“Hip hop speaks to me, and it speaks to Ben. We both grew up in hip hop. The truth resonates with certain people,” he said. So step off.
I’d like to think that this string of joint stage appearances is a strange form of strategic currency in an unorthodox business relationship. Nas has street cred, Ben Horowitz has major investor clout. They talk, we mock. Perhaps MC Hammer bristles – Nas is treading on his turf. But perhaps the conditions exist for true friendship, which is, after all, a bond that often defies rational explanation.
Both men are clearly sustained by a perception that they have something important to say, and each has successfully found an audience that agrees with them. And they share a similar outlook on the value of the self-made individual. Horowitz champions entrepreneurs and believes that disruption is the process by which progress occurs, new companies being the source of new things. Nas holds that something similar is true for hip hop.
“The streets will always produce the next real thing,” he said, in response to a fan’s assertion that he represented ‘real hip hop.’
Just what is the underlying social structure of this relationship? Is it just business, if not entirely ‘as usual’? Is it a contemporary rehash of the D’Medicis patronage of the Florentine masters, an exchange of capital for tribute?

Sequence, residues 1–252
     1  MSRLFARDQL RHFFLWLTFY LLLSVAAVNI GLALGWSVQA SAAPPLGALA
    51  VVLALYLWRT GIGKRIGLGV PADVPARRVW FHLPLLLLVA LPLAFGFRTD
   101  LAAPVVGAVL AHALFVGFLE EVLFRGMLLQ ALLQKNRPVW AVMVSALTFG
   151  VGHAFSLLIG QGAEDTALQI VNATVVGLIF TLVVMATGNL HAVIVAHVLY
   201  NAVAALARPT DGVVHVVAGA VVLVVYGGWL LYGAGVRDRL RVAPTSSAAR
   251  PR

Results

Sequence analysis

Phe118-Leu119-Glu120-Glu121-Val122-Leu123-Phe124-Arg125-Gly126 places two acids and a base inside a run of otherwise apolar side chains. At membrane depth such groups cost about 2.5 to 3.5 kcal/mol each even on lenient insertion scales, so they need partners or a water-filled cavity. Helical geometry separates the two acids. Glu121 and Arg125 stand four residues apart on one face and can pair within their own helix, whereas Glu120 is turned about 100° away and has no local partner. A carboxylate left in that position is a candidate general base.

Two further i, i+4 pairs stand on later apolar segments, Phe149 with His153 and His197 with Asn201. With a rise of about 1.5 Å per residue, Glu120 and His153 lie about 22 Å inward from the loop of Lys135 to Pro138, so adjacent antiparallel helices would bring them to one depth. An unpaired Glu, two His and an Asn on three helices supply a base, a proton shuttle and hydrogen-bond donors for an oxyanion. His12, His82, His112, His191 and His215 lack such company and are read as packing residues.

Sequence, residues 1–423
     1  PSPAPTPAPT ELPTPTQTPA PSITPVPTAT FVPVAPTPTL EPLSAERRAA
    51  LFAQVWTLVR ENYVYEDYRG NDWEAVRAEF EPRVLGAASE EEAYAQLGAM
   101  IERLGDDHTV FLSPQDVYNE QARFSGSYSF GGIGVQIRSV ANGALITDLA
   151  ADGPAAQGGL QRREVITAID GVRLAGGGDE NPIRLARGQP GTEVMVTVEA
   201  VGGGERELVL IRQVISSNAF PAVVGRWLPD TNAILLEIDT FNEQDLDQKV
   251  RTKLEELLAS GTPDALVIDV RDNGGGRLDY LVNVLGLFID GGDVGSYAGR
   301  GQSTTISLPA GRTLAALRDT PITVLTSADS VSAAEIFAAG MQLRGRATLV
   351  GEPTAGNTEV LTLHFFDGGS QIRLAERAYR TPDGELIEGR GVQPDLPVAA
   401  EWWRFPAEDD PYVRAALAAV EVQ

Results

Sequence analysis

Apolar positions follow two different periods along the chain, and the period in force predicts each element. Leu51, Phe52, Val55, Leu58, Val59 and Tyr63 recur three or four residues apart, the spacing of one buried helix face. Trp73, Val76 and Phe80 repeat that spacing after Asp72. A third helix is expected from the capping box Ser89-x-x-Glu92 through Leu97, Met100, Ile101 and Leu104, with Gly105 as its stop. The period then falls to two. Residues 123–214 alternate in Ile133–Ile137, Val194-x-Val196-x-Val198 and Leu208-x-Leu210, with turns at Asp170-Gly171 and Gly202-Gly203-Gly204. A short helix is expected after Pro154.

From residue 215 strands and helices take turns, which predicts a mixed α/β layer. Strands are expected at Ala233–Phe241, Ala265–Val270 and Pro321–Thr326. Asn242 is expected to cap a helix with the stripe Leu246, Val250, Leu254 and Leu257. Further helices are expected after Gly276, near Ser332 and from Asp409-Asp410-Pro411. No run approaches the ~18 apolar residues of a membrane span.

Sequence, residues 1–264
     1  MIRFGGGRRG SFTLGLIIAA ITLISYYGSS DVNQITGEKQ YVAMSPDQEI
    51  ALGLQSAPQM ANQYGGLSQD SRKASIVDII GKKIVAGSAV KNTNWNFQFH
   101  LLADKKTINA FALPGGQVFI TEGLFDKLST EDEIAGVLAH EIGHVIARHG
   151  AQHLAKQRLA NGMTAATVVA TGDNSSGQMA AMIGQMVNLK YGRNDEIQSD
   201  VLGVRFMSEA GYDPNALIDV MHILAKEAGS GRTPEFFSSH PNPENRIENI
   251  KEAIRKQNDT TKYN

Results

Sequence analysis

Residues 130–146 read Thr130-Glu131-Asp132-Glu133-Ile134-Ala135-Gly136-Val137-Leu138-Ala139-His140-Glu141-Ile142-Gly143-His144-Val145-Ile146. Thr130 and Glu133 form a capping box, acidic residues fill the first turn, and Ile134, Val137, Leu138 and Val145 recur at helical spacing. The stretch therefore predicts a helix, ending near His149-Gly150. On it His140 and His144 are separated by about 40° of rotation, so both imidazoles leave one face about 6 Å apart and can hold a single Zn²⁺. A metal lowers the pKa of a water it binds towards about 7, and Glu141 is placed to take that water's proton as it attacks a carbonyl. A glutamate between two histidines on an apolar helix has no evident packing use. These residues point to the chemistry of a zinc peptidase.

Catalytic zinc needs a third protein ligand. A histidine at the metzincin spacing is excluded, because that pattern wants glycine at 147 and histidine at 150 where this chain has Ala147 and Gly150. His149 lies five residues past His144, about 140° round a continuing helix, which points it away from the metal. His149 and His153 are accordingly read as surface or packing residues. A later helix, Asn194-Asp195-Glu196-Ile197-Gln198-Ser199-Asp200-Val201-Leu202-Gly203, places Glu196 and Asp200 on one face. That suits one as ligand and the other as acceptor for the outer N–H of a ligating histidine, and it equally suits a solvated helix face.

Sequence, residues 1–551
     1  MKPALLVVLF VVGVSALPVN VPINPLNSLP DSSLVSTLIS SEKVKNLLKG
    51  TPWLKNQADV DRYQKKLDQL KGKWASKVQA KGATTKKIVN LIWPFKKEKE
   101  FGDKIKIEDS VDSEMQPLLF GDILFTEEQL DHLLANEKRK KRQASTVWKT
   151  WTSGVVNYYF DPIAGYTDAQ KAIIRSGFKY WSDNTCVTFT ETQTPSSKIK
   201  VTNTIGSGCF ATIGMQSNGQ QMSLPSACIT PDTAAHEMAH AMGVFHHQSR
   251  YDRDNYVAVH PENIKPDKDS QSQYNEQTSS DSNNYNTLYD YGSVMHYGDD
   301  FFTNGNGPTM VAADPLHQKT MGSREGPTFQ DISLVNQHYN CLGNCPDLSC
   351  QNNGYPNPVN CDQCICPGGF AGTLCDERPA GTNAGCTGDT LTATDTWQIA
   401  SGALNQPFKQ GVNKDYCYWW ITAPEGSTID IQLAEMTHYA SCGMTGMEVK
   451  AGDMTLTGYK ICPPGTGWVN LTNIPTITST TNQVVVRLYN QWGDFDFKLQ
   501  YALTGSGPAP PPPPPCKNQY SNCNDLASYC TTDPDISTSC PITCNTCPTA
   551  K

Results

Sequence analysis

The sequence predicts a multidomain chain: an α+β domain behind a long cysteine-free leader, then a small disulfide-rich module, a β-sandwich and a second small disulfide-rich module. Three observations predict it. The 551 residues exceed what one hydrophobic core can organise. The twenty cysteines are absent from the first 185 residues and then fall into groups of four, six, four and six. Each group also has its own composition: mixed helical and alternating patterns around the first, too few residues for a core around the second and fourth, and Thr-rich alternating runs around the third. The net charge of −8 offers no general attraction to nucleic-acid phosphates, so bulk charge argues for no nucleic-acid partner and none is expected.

Is Ben Horowitz, a la The Dialectic of Enlightment, reproducing the timeless relationship of the capitalist to art, lashed snug to the mast of his enterprise like Odysseus to his ship, tantalized by the promise of the Siren’s song of his beloved art but tactically incapable of merging with it? Or is this a this odd friendship an exemplar of the boundaries of fame and celebrity in contemporary American culture?
Smarter minds than mine can parse and elaborate on such speculations. There’s something more going on here, but I can’t quite place it. I’m interested what Horowitz Marxist-cum-conservative thinker father David Horowitz might have to say.
The event wrapped up with all the glamor of a VH1 retrospective, after a series of audience members stepped to the mic, promoted themselves and asked horribly inane questions, or pressed Nas to reflect publicly about his life’s most tragic moments –the death of his mother, and of a close friend. One intrepid questioner, who your correspondent later deduced was significantly drunk (there was an open bar), tried to ask about Rap Genius, which has received funding from both Andreessen Horowitz and Nas and has courted a bit of scandal-publicity. Unfortunately, he tripped over himself in his outrage over that company’s purported rascism and exploitation, allowing the speakers to laugh him off and move on to the next.
Perhaps the best snippet to explain what we were all doing there was offered by Nas towards the end of the Q&A.
“I’m too rich for the hood I came from, so I just have to embrace that,” he said.
Dull, dull, dull.
[* Disclosure: Andreessen Horowitz partner, Marc Andreessen is a personal investor in Pando.]